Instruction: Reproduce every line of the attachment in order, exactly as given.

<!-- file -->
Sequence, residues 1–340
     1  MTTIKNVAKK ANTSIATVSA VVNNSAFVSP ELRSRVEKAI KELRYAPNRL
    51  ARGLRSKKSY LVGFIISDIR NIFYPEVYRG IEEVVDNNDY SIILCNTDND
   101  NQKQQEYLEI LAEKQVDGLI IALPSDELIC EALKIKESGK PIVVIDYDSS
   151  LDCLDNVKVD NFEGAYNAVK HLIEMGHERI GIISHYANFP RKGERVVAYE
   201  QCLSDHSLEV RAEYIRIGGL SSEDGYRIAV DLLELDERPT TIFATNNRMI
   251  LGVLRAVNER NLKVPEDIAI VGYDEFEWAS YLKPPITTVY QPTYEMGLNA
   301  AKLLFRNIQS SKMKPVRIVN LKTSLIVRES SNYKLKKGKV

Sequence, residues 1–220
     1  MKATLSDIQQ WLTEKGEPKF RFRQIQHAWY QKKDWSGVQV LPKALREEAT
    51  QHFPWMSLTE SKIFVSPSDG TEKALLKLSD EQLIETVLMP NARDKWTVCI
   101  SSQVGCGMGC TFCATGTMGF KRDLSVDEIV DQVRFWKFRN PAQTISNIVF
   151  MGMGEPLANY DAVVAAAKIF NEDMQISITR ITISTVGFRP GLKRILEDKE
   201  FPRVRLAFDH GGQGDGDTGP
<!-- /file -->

Sequence, residues 1–340
     1  MTTIKNVAKK ANTSIATVSA VVNNSAFVSP ELRSRVEKAI KELRYAPNRL
    51  ARGLRSKKSY LVGFIISDIR NIFYPEVYRG IEEVVDNNDY SIILCNTDND
   101  NQKQQEYLEI LAEKQVDGLI IALPSDELIC EALKIKESGK PIVVIDYDSS
   151  LDCLDNVKVD NFEGAYNAVK HLIEMGHERI GIISHYANFP RKGERVVAYE
   201  QCLSDHSLEV RAEYIRIGGL SSEDGYRIAV DLLELDERPT TIFATNNRMI
   251  LGVLRAVNER NLKVPEDIAI VGYDEFEWAS YLKPPITTVY QPTYEMGLNA
   301  AKLLFRNIQS SKMKPVRIVN LKTSLIVRES SNYKLKKGKV

Sequence, residues 1–220
     1  MKATLSDIQQ WLTEKGEPKF RFRQIQHAWY QKKDWSGVQV LPKALREEAT
    51  QHFPWMSLTE SKIFVSPSDG TEKALLKLSD EQLIETVLMP NARDKWTVCI
   101  SSQVGCGMGC TFCATGTMGF KRDLSVDEIV DQVRFWKFRN PAQTISNIVF
   151  MGMGEPLANY DAVVAAAKIF NEDMQISITR ITISTVGFRP GLKRILEDKE
   201  FPRVRLAFDH GGQGDGDTGP